Colusa bio-mass plant could break ground next year
A bio-mass plant that will use rice and almond hulls as well as other green waste from the region could break ground sometime early next year.
But this is not the mega-Calmetha project proposed for Colusa.
This is, in comparison, a relatively modest 30-megawatt plant that would be built, in part, on the Colusa Industrial Properties.
Feedstock would actually be stored on ground outside the industrial park, said Steve Carpenter, president and chief executive officer of Green Planet Power Solutions.
That land, under the county's new general plan, is proposed to be changed from agricultural to industrial zoning, the county Planning Department confirmed.
The $100 million Colusa project, one of several in the works for the Auburn-based firm, comes under the name of Colusa Bio Energy.
"Assuming the usual permitting and approval process, we are looking (to break ground) in the first quarter of next year," Carpenter said. "Then it is a two-year construction project."
Technically, the plant is considered a net producer.
In other words, it will generate power for its own use, then sell the rest. So at 30-megawatts, it will actually produce about 33 megawatts, and use about three itself.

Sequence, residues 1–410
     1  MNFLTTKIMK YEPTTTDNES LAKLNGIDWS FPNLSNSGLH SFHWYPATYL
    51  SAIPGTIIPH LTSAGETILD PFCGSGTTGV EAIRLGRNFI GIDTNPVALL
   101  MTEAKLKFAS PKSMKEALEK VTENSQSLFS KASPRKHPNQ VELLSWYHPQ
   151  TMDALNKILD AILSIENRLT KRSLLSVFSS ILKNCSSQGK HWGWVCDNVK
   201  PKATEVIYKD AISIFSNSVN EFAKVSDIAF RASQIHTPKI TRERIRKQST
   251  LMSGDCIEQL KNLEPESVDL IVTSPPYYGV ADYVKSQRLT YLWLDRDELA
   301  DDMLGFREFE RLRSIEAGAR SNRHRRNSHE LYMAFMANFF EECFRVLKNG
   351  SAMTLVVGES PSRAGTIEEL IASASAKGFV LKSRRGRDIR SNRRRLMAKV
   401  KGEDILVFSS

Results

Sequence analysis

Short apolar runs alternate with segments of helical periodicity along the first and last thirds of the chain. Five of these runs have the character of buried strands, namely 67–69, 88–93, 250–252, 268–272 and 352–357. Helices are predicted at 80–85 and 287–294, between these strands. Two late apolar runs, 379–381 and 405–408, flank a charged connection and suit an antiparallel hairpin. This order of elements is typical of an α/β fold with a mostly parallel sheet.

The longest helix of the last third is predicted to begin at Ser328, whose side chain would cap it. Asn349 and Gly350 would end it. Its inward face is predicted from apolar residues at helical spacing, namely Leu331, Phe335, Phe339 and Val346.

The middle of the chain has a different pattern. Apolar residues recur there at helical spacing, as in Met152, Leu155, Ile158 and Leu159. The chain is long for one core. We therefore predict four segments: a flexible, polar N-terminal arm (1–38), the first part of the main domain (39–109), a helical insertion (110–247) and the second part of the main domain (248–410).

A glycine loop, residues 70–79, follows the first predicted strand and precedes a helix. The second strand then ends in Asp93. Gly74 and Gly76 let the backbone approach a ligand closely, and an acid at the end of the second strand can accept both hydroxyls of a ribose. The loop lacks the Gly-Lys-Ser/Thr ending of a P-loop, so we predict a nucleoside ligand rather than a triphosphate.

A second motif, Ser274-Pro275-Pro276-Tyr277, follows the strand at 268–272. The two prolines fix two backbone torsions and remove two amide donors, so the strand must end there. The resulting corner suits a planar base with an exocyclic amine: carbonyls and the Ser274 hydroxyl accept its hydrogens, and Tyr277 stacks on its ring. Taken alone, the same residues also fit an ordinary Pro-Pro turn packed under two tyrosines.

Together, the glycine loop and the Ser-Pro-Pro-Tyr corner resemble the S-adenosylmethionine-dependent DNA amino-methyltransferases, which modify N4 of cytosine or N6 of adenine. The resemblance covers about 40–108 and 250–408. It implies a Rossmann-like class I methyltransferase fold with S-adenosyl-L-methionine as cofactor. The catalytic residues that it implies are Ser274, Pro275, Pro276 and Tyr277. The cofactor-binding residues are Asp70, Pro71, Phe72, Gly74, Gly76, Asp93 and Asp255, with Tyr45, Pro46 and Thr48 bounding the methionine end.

Carpenter said the company is looking to sell the power to several utility firms, but Pacific, Gas & Electric Co. is not among those.
"We're in the final negotiation stage for our PPA (purchase power agreement) with several utility companies," Carpenter said. That is critical, because without that, the firm will not be able to get the financing it needs to build the facility.
Carpenter said the plant will create about 100 construction jobs, and as many as 200 at certain times.
"As for full-time jobs, we are talking about the low 30s, and good paying jobs," Carpenter said.
Mark Mayuga, the economic development consultant for Colusa and point man on the Calmetha project, continues to insist that project is alive and well.
"We are close; we are very close," Mayuga said Tuesday.
Mayuga said the company wants to make sure the quantity of feedstock, also ag waste, is available, and the quality is there for the plant's needs.
"We just want to make sure the people are factual with what they are presenting to us, and crossing all our "Ts" and dotting all our "Is" and running the bottom line, again," Mayuga said.
One of the critical concerns, he said, is the cost of transportation.